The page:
The Prime Minister, Justin Trudeau, today delivered a formal apology in the House of Commons for the internment of Italian Canadians during the Second World War.
Following Italy’s declaration of war against Canada on June 10, 1940, the Government of Canada interned more than 600 people of Italian heritage. Around 31,000 Italian Canadians across the country were declared “enemy aliens”, and many experienced discrimination, lost their jobs, or saw their businesses boycotted or vandalized. The government’s actions violated the values that our country was fighting to secure during the Second World War, including freedom, equality, and justice, and had serious impacts on families and the Italian Canadian community.
The Prime Minister apologized to those who were interned, their families, and the Italian Canadian community for the pain and hardship they endured because of this historical injustice. He recognized Italian Canadians’ many contributions, including in business, arts and culture, science and technology, politics, and skilled professions, that have helped build our country, from coast to coast to coast. He also reaffirmed the government’s commitment to a strong, diverse, and more inclusive Canada.
“Canadians of Italian heritage have helped shape Canada, and they continue to be an invaluable part of the diversity that makes us strong. Today, as we acknowledge and address historical wrongs against the Italian Canadian community, we also show our respect for their great contributions to our country.”
The Rt. Hon. Justin Trudeau, Prime Minister of Canada
In 1940, after Italy joined the Second World War as an ally to Germany, over 600 Italians were interned in camps under the authority of the War Measures Act and the Defence of Canada Regulations. Approximately 31,000 Italian Canadians were declared “enemy aliens”, and had to report to local registrars once per month. Registrars were appointed by the Minister of Justice, and were provincial or municipal police officers, including Royal Canadian Mounted Police (RCMP) officers, or postal clerks.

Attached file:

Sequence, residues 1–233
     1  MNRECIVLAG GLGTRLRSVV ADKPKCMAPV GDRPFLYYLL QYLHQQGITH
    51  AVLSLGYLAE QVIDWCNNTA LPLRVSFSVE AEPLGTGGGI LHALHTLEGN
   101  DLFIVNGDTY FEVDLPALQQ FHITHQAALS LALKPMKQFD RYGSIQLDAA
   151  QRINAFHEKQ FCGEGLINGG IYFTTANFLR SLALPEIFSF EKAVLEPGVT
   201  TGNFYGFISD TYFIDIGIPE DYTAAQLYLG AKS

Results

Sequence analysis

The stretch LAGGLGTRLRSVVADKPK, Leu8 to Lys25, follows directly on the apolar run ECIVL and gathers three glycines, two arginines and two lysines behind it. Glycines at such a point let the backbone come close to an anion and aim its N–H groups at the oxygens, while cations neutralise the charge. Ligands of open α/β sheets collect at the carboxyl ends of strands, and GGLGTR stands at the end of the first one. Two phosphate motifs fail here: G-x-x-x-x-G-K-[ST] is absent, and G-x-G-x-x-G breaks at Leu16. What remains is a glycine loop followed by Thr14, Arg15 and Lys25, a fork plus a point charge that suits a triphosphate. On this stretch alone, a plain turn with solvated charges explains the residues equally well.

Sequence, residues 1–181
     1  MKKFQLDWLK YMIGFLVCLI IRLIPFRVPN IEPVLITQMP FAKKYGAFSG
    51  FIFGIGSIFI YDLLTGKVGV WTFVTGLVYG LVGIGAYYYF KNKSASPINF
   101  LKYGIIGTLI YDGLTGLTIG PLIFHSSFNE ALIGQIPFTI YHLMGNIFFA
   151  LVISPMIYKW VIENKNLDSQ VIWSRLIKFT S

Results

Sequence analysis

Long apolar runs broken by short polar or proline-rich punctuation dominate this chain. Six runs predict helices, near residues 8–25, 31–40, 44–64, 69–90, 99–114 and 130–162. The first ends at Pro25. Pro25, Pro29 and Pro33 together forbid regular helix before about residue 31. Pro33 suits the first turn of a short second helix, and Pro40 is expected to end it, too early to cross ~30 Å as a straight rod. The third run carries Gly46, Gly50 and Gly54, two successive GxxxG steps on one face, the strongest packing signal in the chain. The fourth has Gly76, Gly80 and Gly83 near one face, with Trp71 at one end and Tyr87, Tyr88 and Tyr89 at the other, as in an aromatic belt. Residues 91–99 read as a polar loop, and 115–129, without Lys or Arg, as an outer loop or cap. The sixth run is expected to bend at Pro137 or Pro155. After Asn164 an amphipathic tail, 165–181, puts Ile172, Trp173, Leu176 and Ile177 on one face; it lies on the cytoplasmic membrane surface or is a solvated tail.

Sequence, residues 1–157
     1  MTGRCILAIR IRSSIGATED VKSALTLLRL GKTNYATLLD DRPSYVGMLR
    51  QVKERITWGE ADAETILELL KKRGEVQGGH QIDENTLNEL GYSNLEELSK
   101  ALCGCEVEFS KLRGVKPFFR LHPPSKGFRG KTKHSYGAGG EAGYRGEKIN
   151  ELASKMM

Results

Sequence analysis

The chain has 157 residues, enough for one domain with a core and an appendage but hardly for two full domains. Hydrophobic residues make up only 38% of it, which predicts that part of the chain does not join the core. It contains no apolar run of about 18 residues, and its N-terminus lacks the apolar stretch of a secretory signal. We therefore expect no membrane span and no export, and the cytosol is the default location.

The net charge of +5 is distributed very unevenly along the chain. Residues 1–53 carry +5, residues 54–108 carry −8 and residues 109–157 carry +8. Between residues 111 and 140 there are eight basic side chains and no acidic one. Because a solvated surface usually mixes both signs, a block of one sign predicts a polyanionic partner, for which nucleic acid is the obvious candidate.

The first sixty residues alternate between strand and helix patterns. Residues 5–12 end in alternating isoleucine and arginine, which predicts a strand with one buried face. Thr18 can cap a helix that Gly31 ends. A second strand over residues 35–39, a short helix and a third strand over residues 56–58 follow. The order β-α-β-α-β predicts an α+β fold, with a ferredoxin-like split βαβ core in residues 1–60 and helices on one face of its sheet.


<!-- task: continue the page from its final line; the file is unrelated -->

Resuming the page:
The War Measures Act, as well as the Defence of Canada Regulations that were brought into effect on September 3, 1939, gave the government the legal authority to detain without charge, seize property from, and limit activities of Canadian residents born in countries that were at war with Canada.
In 1990, at a gathering of Italian Canadian organizations, the Right Honourable Brian Mulroney offered an apology for the treatment of the Italian Canadian community during the Second World War.
In September 2018, RCMP Commissioner Brenda Lucki delivered an official expression of regret in a ceremony attended by family members of Italian internees, members of the Italian community, and RCMP employees.
Through the Community Historical Recognition Program, the Government of Canada made $5 million available in grants and contributions from 2008 to 2013 for eligible projects to commemorate and recognize the experiences of the Italian Canadian community in relation to the Second World War internment in Canada.
Today, Canada is home to approximately 1.6 million Italian Canadians – one of the largest Italian diasporas in the world.
Sent by Lin’s O’Connor